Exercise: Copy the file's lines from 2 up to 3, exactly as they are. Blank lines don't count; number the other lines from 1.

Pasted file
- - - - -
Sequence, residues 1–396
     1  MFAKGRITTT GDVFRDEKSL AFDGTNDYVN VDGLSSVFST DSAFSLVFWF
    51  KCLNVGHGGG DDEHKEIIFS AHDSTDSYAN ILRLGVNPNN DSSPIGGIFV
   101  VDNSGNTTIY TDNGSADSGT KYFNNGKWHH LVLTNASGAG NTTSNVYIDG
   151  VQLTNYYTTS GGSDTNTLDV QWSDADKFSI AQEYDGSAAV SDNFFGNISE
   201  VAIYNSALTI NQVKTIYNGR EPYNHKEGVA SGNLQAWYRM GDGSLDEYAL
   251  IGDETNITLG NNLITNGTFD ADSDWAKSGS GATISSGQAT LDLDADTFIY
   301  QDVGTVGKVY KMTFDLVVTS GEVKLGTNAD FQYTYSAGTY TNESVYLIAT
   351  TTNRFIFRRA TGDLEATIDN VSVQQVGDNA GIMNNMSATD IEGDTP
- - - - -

     1  MFAKGRITTT GDVFRDEKSL AFDGTNDYVN VDGLSSVFST DSAFSLVFWF
    51  KCLNVGHGGG DDEHKEIIFS AHDSTDSYAN ILRLGVNPNN DSSPIGGIFV